Gastroesophageal reflux (pediatrics)

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Gastroesophageal reflux (GER) or esophageal reflux is defined as the return of gastric contents to the esophagus. It is a physiological process that occurs throughout the day in individuals of all ages. If it causes symptoms, it is a disease of gastroesophageal reflux disease (GERD).

Risk factors in childhood:

  • chronic respiratory diseases: cystic fibrosis , bronchial asthma , primary ciliary dyskinesia
  • obesity , constipation
  • psychomotor retardation [1]

Etiopathogenesis[edit | edit source]

Transient relaxation of the lower esophageal sphincter is considered to be the main etiopathogenetic mechanism.[1]

Impaired motility causes prolonged exposure to the acidic content of the stomach in the lumen of the esophagus. The main causes include a decrease in the tone of the lower esophageal sphincter, antral hypomotility, and possibly duodenogastric reflux. The disease is affected by an imbalance of aggressive and protective mechanisms. Protective factors include the antireflux barrier (lower esophageal sphincter), luminal esophageal cleansing, and tissue resistance (epithelial integrity). Aggressive factors include gastroesophageal and duodenogastric reflux, HCl, pepsin, bile salts, lysolecithin and pancreatic enzymes.[2]

Esophagitis is caused by a reflux of acidic stomach contents. Its severity ranges from the finding of isolated injected blood vessels with reddening of the mucosa to the finding of deep ulcers, which lead to the formation of scar strictures, brachyesophagus or intestinal metaplasia ( Barrett's esophagus ). [3]

Clinical picture[edit | edit source]

  • Gastrointestinal (from esophagitis, strictures):
    • heartburn , retrosternal pain;
    • feeling of acidity in the mouth
    • recurrent vomiting with failure;
    • restlessness, irritability, intermittent sleep;
    • foetor ex ore , dysphagia , odynophagia , refusal to eat;
    • hematemesis , melena , anemia.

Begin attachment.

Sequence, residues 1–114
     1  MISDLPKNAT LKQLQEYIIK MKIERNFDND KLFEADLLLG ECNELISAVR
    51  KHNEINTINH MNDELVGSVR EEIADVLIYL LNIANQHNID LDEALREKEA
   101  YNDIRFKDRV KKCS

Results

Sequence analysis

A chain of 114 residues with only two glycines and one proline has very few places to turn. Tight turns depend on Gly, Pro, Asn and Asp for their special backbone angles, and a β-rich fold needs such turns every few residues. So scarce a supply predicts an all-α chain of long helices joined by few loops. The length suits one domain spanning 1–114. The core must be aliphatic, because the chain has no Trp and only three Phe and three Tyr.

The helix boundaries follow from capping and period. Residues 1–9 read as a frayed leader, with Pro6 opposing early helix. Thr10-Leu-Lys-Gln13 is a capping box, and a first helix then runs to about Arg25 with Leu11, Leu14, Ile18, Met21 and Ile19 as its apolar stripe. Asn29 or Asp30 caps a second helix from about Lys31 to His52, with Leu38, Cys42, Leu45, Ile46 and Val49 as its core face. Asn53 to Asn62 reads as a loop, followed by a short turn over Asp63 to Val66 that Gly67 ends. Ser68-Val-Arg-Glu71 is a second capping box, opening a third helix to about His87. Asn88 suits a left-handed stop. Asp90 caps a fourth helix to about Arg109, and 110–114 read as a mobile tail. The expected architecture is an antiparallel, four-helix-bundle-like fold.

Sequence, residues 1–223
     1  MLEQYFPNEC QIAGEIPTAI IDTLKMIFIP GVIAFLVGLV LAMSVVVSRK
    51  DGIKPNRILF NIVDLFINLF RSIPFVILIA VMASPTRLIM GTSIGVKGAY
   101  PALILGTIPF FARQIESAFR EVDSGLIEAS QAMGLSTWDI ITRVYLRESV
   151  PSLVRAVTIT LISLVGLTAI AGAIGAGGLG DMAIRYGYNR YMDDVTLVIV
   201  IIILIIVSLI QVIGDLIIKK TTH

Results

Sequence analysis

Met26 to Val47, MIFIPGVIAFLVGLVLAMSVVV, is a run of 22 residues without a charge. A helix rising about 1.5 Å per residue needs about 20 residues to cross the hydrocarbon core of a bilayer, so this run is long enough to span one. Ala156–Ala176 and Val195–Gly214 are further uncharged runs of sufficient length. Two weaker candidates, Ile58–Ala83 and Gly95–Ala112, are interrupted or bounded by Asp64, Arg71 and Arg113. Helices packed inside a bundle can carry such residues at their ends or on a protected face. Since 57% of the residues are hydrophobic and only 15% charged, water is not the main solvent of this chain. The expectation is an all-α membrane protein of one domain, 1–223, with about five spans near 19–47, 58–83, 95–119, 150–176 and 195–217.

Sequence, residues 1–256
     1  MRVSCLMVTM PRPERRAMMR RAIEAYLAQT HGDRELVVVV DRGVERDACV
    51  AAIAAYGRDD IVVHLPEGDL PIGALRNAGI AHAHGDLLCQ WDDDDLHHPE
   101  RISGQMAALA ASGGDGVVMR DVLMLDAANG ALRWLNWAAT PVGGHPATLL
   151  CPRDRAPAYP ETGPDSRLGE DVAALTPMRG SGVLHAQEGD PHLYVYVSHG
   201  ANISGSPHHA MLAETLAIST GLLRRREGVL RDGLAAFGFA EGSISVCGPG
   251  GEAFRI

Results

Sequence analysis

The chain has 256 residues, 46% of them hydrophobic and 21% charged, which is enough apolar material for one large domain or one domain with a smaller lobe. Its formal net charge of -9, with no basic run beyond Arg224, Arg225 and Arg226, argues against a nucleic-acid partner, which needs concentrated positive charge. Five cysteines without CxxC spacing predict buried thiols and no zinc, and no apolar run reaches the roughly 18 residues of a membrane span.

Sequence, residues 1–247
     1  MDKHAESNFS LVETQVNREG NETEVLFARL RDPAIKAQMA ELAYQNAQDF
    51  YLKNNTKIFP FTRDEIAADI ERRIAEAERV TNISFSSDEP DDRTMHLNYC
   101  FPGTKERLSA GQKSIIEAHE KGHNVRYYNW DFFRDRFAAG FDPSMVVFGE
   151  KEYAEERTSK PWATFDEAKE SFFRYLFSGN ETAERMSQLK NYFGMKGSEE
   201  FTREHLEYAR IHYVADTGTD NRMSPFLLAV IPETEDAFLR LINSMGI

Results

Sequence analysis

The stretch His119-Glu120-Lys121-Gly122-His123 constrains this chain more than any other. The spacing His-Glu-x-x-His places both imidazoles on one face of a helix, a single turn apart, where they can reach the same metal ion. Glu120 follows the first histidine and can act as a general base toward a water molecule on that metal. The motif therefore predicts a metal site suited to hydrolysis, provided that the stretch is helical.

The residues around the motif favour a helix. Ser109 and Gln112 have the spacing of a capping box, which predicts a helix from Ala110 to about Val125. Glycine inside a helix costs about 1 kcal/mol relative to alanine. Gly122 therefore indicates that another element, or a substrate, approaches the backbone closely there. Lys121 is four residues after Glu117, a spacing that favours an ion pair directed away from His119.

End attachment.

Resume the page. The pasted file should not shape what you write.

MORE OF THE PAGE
• Extragastrointestinal :
    • aspiration pneumonia , chronic bronchitis , bronchial asthma , irritating cough, wheezing, recurrent inflammation of the larynx, middle ear, sinuses;
    • apnea, life-threatening event (ALTE), SIDS ;
    • Sandifer – Sutcliffe syndrome ( torticolis , torso dystonia).[1]

Sandifer syndrome[edit | edit source]

  • rare GER complication;
  • includes extraesophageal manifestations of GER, especially neurological: atypical positions and movements of the head, torso, upper limbs and pathological eye symptoms;
  • increased irritability or paroxysmal dystonic movements reminiscent of convulsions;
  • it can also mimic torticollis and as a result lead to hypertonic neck extension of the character of opisthotonus;
  • pathophysiology unclear (vagal reflex ?, reflex ncl. tractus solitari?);
  • most often between 3 and 4 months of age;
  • difficult feeding, refusal of oral intake, the need for repeated drinking breaks;
  • the difficulties gradually diminish with the maturation of the lower sphincter and thus the decrease in the number of regurgitations. [4]

GERD diagnostics[edit | edit source]

    • History , physical examination:
      • no therapy is required for thriving infants with repeated blinking
      • in older children with heartburn it is sufficient to perform a therapeutic test with proton pump inhibitors (eg omeprazole)
    • Sonography
      • is not a method suitable for the search for reflux disease in children
    • 24-hour esophageal pHmetry or esophageal pHmetry
      • gold standard GERD examination
      • in children it is recommended to evaluate only the pH time below 4 and the relationship between symptom and acid reflux episodes
      • description of the examination: insertion of a thin tube through the nose into the esophagus; connecting the probe to a device that can record the pH in the esophagus; within 24 hours the patient performs normal activities, eats a normal diet, then the probe is removed and the record is evaluated